Blood Pressure Meds: Best at Night?>

Blood Pressure Meds: Best at Night

by Jamie Kopf  

Doctors sometimes advise people on medication for hypertension to take their daily pills when they wake up in the morning, since blood pressure tends to be higher in the morning than at night. But you’re likely to get better results by taking the drugs at night, according to a recent study of Spanish adults published in the European Heart Journal.

In the largest—and longest—clinical trial to date to examine how the timing of blood pressure medication influences its effectiveness (called chronotherapy), the researchers randomized 19,084 adults taking at least one medication for hypertension—a beta blocker, calcium channel blocker, angiotensin-converting enzyme (ACE) inhibitor, angiotensin-receptor blocker, or diuretic—to take their pills either when they woke up in the morning or before going to bed at night.

During an average follow-up of six years, the bedtime group not only had better overnight blood pressure control but also was substantially less likely to experience a major cardiovascular event (heart attack, stroke, heart failure, or the need for a procedure to reopen blocked arteries) or to die from cardiovascular disease, compared to those who took their medication upon waking (622 events or deaths in the bedtime group versus 1,130 in the morning group).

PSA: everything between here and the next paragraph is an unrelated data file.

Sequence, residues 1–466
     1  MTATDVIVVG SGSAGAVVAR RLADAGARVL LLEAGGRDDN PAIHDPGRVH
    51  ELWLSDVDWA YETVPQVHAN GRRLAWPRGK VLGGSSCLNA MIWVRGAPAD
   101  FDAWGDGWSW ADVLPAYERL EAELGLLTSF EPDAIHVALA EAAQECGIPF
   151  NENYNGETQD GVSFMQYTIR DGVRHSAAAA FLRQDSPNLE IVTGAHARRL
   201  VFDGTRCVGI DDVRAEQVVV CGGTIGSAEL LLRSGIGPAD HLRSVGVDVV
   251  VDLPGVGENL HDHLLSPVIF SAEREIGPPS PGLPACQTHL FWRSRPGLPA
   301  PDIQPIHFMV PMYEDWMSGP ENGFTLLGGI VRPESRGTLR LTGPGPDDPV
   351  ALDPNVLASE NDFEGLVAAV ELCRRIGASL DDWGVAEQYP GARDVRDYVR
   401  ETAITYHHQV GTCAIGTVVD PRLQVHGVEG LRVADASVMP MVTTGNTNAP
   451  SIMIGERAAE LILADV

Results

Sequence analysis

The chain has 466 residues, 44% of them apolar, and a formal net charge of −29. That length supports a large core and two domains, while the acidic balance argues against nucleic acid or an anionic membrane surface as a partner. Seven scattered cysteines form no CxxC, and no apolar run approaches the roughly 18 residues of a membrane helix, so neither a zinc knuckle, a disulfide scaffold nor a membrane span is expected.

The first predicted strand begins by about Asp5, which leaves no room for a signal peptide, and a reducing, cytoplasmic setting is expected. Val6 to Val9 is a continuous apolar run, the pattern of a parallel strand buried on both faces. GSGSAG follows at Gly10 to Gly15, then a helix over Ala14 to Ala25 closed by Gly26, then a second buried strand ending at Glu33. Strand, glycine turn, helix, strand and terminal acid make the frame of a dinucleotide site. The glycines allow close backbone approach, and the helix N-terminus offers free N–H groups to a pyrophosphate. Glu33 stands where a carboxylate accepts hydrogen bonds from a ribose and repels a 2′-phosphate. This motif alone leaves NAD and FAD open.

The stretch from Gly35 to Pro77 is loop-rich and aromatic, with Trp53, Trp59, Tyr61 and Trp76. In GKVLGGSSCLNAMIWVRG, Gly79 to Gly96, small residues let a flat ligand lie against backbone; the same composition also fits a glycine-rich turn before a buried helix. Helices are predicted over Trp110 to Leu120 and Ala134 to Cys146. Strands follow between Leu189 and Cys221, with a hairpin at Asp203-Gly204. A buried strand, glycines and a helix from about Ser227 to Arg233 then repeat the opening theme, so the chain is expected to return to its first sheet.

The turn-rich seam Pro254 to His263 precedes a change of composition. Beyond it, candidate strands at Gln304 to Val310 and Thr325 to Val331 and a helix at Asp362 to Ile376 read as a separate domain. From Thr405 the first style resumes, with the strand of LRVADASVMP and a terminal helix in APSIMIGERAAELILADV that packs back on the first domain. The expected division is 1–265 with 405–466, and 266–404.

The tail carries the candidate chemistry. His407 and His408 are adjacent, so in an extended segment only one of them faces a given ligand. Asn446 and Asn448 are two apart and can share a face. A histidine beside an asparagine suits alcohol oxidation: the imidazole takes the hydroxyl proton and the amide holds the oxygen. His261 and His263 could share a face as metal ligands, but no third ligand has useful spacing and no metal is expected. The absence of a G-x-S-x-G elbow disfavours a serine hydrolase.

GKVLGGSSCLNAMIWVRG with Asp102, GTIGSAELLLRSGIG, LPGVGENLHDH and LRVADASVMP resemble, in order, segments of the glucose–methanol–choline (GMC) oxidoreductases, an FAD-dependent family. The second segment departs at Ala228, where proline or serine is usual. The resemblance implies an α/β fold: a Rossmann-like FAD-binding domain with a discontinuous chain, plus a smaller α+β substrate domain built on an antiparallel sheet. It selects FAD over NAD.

The new study adds to earlier evidence showing that bedtime offers an edge over morning for maximizing blood pressure drugs’ effectiveness. A 2016 study by the same lead researcher found that taking the medications before bedtime both improved blood pressure control and reduced the risk of type 2 diabetes. In 2011, a review from the Cochrane Collaboration evaluated 21 studies and found that taking the drugs in the evening resulted in slightly lower 24-hour blood pressure readings.

And a Spanish study of 611 people with hypertension and chronic kidney disease, also in 2011, found that those who were told to take at least one hypertension drug at bedtime had better blood pressure control as well as far fewer heart attacks, strokes, and other cardiovascular events over five years than those taking the drugs in the morning.

Current blood pressure treatment guidelines don’t recommend any particular time of day for taking hypertension medications, leaving the choice up to doctors and their patients.

This article first appeared in the UC Berkeley Wellness Letter.

Also see Exercise and Blood Pressure: 8 Questions.